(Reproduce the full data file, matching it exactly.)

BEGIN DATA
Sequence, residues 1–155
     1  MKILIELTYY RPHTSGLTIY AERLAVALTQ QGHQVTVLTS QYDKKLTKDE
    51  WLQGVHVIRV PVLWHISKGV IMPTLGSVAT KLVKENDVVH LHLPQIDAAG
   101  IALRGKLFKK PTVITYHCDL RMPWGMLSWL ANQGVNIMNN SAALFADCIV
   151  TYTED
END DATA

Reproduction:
Sequence, residues 1–155
     1  MKILIELTYY RPHTSGLTIY AERLAVALTQ QGHQVTVLTS QYDKKLTKDE
    51  WLQGVHVIRV PVLWHISKGV IMPTLGSVAT KLVKENDVVH LHLPQIDAAG
   101  IALRGKLFKK PTVITYHCDL RMPWGMLSWL ANQGVNIMNN SAALFADCIV
   151  TYTED